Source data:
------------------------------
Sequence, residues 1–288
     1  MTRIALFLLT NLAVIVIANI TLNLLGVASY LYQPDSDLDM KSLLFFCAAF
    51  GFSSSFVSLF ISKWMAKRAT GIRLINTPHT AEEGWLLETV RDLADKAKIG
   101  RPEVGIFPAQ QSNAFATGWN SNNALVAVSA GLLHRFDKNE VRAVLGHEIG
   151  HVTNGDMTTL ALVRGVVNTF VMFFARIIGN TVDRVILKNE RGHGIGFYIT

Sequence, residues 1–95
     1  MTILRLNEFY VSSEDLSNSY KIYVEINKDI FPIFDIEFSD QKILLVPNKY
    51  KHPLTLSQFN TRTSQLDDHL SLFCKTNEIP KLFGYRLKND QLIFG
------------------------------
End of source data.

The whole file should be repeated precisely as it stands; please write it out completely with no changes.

Sequence, residues 1–288
     1  MTRIALFLLT NLAVIVIANI TLNLLGVASY LYQPDSDLDM KSLLFFCAAF
    51  GFSSSFVSLF ISKWMAKRAT GIRLINTPHT AEEGWLLETV RDLADKAKIG
   101  RPEVGIFPAQ QSNAFATGWN SNNALVAVSA GLLHRFDKNE VRAVLGHEIG
   151  HVTNGDMTTL ALVRGVVNTF VMFFARIIGN TVDRVILKNE RGHGIGFYIT

Sequence, residues 1–95
     1  MTILRLNEFY VSSEDLSNSY KIYVEINKDI FPIFDIEFSD QKILLVPNKY
    51  KHPLTLSQFN TRTSQLDDHL SLFCKTNEIP KLFGYRLKND QLIFG